Originally, a Mace was a symbol of authority, granted by or exercised on behalf of the King or Queen, under a royal warrant including or covering such matters as the collection of taxes. Reluctant taxpayers would find the Mace used as a weapon to enforce their payment and submission. This was the earlier, shorter version of the Mace and was carried by a Sargeant-at-Arms on duty and by soldiers in combat.

King Henry V first arranged in 1415 for a Sargeant-at-Arms, Nicholas Maudit, to wait on the House of Commons with a Mace, the property of the King, as the royal authority by which the privileges of the House would be enforced through the Speaker, a practice which became permanent and continues to this day. The Mace is a symbol of the authority of the Speaker and members of the House.

The Mace of the Barbados House of Assembly is made of silver gilt and was acquired at public expense pursuant to a Resolution passed by the House on November 20, 1810. From 1639 until then there was no Mace.

The Mace is carried by the Sargeant-at-Arms (in Barbados by the Marshal) before the Speaker for the opening and conclusion of each sitting. When the House is in session and when a sitting is suspended, the Mace is placed in a cradle on the Clerk's Table with the orb and cross towards the Government who always sit to the right of a Speaker’s Chair in the Commonwealth. When the House is in Committee of the Whole House, and also before the election of a Speaker, the Mace is placed on brackets below the Clerk's Table.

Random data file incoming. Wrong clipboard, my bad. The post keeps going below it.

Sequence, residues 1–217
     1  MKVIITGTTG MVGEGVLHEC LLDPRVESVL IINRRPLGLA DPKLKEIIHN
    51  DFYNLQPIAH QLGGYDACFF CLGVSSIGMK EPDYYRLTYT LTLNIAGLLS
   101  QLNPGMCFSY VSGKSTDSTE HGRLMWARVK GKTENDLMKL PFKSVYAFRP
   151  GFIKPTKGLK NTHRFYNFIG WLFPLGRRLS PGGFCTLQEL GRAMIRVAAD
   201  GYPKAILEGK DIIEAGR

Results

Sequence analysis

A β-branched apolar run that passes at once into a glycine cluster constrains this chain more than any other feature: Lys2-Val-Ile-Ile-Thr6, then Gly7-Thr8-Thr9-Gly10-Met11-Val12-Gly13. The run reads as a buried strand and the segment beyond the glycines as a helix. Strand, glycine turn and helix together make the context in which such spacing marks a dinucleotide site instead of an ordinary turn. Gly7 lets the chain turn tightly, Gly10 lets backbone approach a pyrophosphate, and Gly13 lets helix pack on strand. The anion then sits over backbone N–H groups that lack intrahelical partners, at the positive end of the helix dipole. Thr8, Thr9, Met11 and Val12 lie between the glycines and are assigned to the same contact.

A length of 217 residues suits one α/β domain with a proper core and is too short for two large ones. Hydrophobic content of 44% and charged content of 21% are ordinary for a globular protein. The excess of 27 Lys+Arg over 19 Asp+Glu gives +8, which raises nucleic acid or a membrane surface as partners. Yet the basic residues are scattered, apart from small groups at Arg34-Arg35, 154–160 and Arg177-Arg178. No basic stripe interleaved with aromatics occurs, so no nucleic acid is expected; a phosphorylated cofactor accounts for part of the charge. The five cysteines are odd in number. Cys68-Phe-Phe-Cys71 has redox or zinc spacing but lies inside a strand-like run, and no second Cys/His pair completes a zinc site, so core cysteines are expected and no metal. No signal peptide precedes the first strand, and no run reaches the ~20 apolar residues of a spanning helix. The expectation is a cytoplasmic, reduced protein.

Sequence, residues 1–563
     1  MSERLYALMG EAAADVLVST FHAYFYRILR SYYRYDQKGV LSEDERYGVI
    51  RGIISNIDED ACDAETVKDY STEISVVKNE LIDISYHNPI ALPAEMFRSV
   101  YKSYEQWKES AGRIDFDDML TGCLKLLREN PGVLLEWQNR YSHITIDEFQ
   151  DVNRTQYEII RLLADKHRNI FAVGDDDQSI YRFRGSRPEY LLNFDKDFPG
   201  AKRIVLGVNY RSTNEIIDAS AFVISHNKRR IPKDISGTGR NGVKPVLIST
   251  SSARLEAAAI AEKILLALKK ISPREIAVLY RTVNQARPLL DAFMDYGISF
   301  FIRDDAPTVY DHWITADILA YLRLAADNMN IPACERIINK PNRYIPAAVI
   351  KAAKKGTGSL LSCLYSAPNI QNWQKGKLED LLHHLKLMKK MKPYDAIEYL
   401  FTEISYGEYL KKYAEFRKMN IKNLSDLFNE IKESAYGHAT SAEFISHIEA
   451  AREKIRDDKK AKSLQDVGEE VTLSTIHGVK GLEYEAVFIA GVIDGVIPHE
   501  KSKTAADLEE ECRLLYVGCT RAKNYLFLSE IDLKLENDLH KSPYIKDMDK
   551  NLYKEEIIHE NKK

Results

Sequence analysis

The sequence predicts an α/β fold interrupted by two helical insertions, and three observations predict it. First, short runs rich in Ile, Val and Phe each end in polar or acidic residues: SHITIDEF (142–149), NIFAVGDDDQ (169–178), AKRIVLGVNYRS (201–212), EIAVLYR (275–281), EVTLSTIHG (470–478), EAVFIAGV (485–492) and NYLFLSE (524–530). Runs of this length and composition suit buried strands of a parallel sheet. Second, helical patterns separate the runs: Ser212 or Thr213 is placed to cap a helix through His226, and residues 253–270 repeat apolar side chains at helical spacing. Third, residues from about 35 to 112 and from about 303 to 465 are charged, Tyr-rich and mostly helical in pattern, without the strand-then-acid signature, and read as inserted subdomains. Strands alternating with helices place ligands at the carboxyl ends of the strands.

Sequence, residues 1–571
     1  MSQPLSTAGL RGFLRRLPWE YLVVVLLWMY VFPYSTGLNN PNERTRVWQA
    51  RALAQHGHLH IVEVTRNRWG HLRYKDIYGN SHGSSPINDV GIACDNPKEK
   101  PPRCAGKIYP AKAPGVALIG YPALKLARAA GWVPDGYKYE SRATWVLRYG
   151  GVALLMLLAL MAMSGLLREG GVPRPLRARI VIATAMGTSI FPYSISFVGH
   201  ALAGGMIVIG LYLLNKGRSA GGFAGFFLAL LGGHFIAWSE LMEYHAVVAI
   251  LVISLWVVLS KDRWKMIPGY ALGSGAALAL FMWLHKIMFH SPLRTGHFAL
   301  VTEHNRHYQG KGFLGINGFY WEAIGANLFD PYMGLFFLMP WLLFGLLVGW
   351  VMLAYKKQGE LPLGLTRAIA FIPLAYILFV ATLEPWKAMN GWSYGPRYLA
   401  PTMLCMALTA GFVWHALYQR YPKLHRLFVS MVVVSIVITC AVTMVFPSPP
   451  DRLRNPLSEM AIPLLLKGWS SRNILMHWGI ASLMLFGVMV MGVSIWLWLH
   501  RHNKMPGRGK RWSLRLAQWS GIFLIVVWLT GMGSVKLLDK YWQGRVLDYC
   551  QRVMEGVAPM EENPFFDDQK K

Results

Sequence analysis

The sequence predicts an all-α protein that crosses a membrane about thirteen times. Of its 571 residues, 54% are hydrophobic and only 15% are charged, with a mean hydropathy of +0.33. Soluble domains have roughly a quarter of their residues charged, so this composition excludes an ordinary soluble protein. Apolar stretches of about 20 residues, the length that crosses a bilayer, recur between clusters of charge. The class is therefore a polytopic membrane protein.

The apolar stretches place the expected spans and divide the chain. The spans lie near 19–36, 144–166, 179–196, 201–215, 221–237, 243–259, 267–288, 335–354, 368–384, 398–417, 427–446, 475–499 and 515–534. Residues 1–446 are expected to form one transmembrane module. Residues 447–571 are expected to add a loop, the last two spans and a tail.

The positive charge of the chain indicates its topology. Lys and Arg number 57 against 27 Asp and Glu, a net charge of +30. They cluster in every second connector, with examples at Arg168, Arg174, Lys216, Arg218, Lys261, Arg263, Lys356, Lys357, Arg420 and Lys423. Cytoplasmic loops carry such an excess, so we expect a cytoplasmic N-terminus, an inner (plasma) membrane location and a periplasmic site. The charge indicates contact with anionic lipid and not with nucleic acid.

When the House attends the Senate Chamber for a sitting of Parliament (Head of State, Senate and House of Assembly) the Mace is carried before the Speaker and members of the House, who proceed in order of seniority of membership, and it should be left outside the Senate Chamber covered until the Speaker and members of the House of Assembly leave the Chamber.

There is a ceremonial Mace for sittings of the Barbados Parliament. Our Senate does not have a Mace. In some bicameral Parliaments in the Caribbean, for example, in Grenada, each House has a Mace. Some Parliaments in the Caribbean do not have a Mace. The occasional belief that the House of Assembly cannot sit without its Mace has no foundation in law. The Constitution which created the post-independence Parliament does not mention a Mace. But the symbolism of a Mace is fundamental to the traditions of parliamentary institutions. In countries where there are systems of local government, a county, borough, urban or city council will have a Mace.